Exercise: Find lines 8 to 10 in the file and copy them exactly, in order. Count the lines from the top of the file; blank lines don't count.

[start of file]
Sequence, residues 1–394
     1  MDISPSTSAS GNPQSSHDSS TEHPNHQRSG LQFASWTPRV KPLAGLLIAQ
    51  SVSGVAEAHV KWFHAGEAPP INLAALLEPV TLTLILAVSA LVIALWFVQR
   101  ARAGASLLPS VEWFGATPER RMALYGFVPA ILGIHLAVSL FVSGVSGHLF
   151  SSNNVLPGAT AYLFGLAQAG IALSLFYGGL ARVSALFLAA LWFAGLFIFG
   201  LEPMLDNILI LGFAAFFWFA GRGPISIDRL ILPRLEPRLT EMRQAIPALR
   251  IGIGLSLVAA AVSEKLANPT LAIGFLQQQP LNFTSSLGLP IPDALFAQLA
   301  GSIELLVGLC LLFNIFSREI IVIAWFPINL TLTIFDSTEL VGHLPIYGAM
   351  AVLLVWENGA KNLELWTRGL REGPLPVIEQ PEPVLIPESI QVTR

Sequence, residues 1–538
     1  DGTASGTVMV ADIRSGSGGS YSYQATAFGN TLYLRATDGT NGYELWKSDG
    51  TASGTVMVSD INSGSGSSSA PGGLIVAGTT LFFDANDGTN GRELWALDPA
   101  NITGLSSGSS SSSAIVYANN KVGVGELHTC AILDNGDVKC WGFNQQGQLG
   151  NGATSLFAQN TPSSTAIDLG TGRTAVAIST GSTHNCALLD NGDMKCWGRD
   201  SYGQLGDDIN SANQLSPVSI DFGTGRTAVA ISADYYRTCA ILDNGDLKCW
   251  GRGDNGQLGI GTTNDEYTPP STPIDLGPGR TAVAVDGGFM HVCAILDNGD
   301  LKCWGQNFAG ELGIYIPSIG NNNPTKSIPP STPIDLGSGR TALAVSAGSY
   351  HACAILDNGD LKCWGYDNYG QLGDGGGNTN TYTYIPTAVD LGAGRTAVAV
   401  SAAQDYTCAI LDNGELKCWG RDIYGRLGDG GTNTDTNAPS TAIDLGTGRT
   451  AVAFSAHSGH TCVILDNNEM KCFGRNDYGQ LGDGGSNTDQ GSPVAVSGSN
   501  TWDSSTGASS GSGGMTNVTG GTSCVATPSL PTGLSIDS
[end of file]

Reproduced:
   301  GSIELLVGLC LLFNIFSREI IVIAWFPINL TLTIFDSTEL VGHLPIYGAM
   351  AVLLVWENGA KNLELWTRGL REGPLPVIEQ PEPVLIPESI QVTR

Sequence, residues 1–538